Sitka’s ‘Dream’ Line Increases Regional Cruises
An Allen Marine tour ship rounds a point just off of Sitka Sound, pointing out the sights to a lively group of cruise-ship tourists. It’s a wildlife cruise, and the captain has no trouble finding sea otters.
“You can see the little pup right on mom’s stomach,” he says, keeping far enough away to not disturb the pair. “She keeps looking back at us and is kind of like doing the backstroke there.”
It’s one of thousands of tours the company has made since 1970. What started as a branch of a boat-building business has become a major player in Alaska’s day-cruise market, with ships based in Ketchikan, Juneau and its home town.
This summer, it will add a third vessel, the 62-passenger Baranof Dream, on longer trips.
“It’s been built to slow the itinerary down and just enjoy the scenery,” says Michael Wien, vice president of sales and marketing for Alaskan Dream Cruises.
“We want to make sure that we build in these additional days to enjoy the marine life that might be in the vicinity or a spectacular scenic day and general interests of the guests,” he says.
The new, 11-day itinerary will call on Petersburg, Kake, Skagway, Haines and Juneau. It will also include Glacier Bay, Tracy Arm, Hobart Bay and a couple “captain’s choice” stops.
Alaskan Dream is one of about six small cruise companies operating in Southeast. They offerings include yachts carrying a dozen passengers to a replica Victorian-style steamship with a capacity closer to 100.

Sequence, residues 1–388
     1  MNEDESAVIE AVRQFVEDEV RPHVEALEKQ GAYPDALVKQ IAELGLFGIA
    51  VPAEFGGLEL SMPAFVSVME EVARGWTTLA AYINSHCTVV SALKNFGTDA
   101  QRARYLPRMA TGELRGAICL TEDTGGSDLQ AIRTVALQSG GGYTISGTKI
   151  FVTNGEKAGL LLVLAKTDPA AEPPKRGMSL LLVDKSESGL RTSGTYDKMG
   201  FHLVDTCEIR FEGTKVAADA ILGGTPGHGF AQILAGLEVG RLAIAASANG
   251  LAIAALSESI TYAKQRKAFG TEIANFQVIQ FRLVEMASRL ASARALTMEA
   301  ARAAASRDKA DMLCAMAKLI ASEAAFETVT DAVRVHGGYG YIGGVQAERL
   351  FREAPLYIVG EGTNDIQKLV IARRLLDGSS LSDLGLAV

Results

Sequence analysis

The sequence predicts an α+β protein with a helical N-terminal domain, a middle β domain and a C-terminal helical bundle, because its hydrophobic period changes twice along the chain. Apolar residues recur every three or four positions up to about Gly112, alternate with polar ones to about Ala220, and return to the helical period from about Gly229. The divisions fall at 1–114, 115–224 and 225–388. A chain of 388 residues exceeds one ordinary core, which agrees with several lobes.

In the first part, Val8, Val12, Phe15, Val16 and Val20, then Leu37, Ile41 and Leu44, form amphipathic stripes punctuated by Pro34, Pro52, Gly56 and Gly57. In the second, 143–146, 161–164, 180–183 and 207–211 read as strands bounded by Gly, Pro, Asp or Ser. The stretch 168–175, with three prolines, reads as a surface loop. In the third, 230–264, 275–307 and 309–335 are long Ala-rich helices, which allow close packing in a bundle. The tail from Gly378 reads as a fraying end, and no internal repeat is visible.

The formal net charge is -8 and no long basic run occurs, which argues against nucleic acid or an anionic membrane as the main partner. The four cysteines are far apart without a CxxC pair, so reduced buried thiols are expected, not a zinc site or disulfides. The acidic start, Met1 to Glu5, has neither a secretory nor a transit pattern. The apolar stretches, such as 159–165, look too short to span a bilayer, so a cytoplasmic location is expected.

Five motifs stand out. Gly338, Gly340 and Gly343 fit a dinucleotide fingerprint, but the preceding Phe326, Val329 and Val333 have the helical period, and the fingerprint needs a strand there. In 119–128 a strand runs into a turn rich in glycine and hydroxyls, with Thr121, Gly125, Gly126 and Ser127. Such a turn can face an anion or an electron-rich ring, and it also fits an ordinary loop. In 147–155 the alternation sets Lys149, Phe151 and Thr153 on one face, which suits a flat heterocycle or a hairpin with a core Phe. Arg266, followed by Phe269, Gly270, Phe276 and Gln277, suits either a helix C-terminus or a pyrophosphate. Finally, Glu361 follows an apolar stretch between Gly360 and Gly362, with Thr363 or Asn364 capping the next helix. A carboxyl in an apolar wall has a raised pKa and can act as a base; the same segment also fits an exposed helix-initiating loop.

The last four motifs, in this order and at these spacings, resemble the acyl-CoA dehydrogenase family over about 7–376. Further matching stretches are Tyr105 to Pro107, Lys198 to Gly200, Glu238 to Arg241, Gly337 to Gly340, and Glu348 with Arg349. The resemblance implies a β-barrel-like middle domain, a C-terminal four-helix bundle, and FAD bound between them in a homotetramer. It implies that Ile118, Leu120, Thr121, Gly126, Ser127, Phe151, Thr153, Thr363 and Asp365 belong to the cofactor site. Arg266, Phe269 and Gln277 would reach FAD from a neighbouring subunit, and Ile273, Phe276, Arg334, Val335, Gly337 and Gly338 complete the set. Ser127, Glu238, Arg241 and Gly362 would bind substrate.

“I think those smaller cruises are so very important to those smaller communities,” says Shelly Wright, executive director of the Southeast Conference, an organization of regional leaders that promotes economic development.
“Having those boats with even 10-12 people on them is huge for those communities. They get to showcase their art and their culture and I think the people traveling on those cruises, that’s what they’re expecting,” she says.
Several, including Sitka’s Alaskan Dream line, are trying to fill the gap left when Cruise West went out of business two years ago. The Seattle-based company had been a major player in the international small-cruise market.
Some of its ships were sold to other small lines. Wien, of Alaskan Dream, says that’s where its newest vessel comes from.
“It’s formerly the Spirit of Alaska, built for 78 guests. And we’ve brought down the capacity, which allows for more personal space and enjoyment of really a great vessel, in pursuing the area around Southeast Alaska,” Wien says.
That includes Petersburg.
“We’re kind of a smaller town and it’s hard for the large ships to get in here,” says Dave Berg, of the town’s Viking Travel, which offers tours to small-ship passengers.
He says lines like Alaskan Dream are welcome in his community, while big ships are not.
“And that certainly causes a lot of angst amongst individuals in town who like to keep Petersburg as a small community as it is – without attracting large ships,” Berg says.
He says the new ship will be able to tie up near downtown, within walking distance of Petersburg’s city center.
“So that will be great for the folks who have small businesses in town and walking tours that Alaskan Dream does in town. And I think it will be great for the economy here,” he says.
Some sail from Seattle, while others operate only within the region.
Their low passenger numbers mean higher fares. Wien says berths on the new Baranof Dream will start at about $2,700.
“We’re anticipating raising rates as the demand continues and as the economy slowly improves. Rates vary depending on the size of the cabin and could go up to $8,000 per person on some of the longer cruises,” Wien says.
This summer’s jump from two to three ships is part of Alaskan Dream Cruises’ long-term business plan. It means sailings will increase from 31 to 43.
No more ships are expected to join the fleet, at least for now. But Wien says new itineraries will be offered.
Meanwhile, other small lines also plan expansion. American Safari Cruises, for example, will begin sailing the 88-passenger Legacy, this summer.
Listen to the full story